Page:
Ken was born in Kings College Hospital, Camberwell in London. His father was a member of the famous Barnard Marionettes, and his mother was the manageress of the restaurant at the Kursall Concert Hall in Harrogate. Ken started experimenting with painting and drawing around the age of 7 years by way of inclination rather than through any formal training. He attended Lyndhurst Road School and Peckham Central School leaving at the age of 15 to join a small advertising agency in Bromley. He married Martha McKenzie “Matt” from Bridgeton in Glasgow at the end of the war. He was employed as a commercial artist and typographer before going freelance as an illustrator.
At the age of 40 Ken joined the British Puppet Guild and eventually became the editor of The Puppet Master and Vice-Chairman. Ken’s family had been involved in the puppet trade since the nineteenth century as the Barnard Mannequins and toured the world with their string figures before the First World War. His grandfather Richard was a master puppet maker, and his father and brothers travelled the world with the company. But he didn’t take up the strings until late into his thirties. The marionette became his chosen metier or trade.
He inherited two special palm-sized carving gouges from his grandfather – the old steel of which retained a nice sharp edge. Usually, he would carve the head first from lime always leaving a piece on top to clamp firmly into the vice. The hands would be carved to match the character and the soles of the feet were never flat but curved. Often, he used jelutong and sometimes pine for the chest, hips and limbs. He painted all his own faces with undercoat and while still wet put in details of cheeks and eyes using oil paint.
Similarly, he dressed and costumed all his own figures. By now Ken had become an established puppeteer and children’s entertainer but also a fine maker of carved marionettes and puppets. He was also teaching at the London College of Furniture for twenty years on the puppet module of a Toy Making Course. His output was prolific and although he would in old age complain that he had not done enough with his life, it’s fair to say that he would leave most of us in the shade.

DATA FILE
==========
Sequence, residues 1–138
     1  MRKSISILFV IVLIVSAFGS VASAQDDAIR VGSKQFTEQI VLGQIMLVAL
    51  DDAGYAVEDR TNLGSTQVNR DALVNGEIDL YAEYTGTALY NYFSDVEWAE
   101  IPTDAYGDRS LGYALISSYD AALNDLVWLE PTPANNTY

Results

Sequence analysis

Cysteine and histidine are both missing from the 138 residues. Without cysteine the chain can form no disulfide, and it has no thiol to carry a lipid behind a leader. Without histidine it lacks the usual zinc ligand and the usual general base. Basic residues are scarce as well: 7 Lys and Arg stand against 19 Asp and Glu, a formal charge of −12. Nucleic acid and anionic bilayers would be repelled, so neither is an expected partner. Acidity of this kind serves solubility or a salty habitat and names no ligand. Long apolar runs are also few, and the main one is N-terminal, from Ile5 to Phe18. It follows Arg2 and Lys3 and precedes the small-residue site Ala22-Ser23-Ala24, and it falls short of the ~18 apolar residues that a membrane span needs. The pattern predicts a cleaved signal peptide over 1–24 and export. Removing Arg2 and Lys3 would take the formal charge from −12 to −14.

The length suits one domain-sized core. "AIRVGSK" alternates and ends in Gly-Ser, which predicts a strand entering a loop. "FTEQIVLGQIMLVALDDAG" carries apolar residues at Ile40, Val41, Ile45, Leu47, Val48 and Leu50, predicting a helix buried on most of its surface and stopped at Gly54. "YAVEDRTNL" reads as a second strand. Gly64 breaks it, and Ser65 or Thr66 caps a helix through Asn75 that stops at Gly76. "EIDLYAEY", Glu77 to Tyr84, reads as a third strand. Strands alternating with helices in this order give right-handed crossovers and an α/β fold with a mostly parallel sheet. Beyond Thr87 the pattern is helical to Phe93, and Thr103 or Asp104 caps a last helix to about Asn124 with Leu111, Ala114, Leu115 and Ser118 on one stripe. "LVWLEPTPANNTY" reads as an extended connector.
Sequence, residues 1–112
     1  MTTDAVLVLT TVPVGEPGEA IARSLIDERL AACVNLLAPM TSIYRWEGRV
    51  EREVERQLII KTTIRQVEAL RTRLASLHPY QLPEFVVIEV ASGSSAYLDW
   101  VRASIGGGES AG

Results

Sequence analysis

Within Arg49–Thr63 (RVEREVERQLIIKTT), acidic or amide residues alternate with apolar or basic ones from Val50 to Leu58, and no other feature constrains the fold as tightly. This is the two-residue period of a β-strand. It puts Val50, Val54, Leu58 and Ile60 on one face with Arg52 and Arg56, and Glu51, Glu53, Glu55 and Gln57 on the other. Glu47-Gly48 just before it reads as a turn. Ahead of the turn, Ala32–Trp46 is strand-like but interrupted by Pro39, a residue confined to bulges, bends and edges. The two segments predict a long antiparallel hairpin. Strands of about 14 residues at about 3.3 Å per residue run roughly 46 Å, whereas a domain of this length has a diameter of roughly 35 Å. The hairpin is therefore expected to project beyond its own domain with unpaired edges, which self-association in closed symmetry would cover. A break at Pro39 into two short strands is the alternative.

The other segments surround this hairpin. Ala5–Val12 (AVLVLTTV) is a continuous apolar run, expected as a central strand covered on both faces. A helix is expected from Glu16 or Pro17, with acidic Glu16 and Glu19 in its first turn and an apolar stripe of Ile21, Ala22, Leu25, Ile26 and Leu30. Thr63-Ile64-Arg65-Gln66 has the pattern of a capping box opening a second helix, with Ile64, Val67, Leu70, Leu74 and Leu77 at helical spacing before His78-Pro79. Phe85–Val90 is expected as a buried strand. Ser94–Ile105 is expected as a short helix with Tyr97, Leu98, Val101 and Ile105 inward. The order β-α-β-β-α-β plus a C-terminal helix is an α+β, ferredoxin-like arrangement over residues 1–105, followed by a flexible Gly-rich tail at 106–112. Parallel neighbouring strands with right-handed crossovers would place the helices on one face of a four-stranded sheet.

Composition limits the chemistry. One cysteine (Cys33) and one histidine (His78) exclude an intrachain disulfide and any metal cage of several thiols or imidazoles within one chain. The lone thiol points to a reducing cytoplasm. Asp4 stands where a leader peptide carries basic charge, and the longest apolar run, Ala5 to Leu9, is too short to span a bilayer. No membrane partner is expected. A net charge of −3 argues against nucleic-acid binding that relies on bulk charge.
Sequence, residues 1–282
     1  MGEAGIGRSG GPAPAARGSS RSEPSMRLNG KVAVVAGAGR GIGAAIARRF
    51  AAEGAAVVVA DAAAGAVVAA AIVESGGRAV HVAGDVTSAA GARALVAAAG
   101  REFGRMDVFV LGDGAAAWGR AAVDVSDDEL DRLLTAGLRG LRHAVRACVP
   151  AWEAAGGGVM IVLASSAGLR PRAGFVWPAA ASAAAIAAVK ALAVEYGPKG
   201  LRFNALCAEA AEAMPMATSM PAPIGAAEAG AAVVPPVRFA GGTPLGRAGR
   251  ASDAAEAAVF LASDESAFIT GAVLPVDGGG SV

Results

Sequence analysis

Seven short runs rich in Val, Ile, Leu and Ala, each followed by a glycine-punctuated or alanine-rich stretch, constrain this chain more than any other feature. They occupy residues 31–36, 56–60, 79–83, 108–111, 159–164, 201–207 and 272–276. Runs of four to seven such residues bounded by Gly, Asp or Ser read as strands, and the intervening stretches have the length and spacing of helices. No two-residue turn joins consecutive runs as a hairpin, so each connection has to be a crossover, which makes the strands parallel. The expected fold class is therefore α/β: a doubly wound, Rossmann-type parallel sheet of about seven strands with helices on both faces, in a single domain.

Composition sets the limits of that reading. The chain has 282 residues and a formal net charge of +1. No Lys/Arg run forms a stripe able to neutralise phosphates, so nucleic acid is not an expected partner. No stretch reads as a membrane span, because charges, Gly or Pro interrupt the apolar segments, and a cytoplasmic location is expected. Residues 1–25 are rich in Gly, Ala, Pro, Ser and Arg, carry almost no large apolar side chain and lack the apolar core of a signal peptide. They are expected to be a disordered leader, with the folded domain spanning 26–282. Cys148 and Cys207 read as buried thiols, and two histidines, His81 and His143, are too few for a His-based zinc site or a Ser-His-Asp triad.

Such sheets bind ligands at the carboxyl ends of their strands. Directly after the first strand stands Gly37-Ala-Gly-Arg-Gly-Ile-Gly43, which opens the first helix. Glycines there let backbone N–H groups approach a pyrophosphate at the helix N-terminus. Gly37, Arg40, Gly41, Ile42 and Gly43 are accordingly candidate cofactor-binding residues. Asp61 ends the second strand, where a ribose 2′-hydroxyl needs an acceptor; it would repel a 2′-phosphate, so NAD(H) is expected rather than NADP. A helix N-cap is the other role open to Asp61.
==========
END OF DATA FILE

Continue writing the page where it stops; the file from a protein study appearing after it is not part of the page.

He could carve a hand in 15 minutes using his grandfather Richards’s palm gouge and chisels, and some of his carved heads are amongst the best ever produced. In 1991 he walked into the Scottish Mask & Puppet Centre in Glasgow and began a lifelong friendship with Malcolm and Sarah Knight. For more than 10 years he ran a series of summer masterclasses in marionette carving and manipulation called Tricks of the Trade. He proved to be a patient, generous and humorous teacher and an inspiration to his many students – amongst whom were Anna Ingleby, Shane Connolly, Allie Cohen and Alice Peasgood.
In 2003 Ken was awarded a Lifetime Achievement Award from the Guild, which was presented to him by the then President, Peter Baldwin. This gave him great pleasure and always occupied pride of place on his windowsill. After the death of Matt, he lived independently for a while in the picturesque village of Kingscliffe near Peterborough. His 90th birthday celebration at Friary Court was a joyful one, surrounded by family and friends. Ken was a great puppet master and an accomplished visual artist whose kindness, warmth and sense of humour were quite unique. His life marked all whom he touched with love and affection.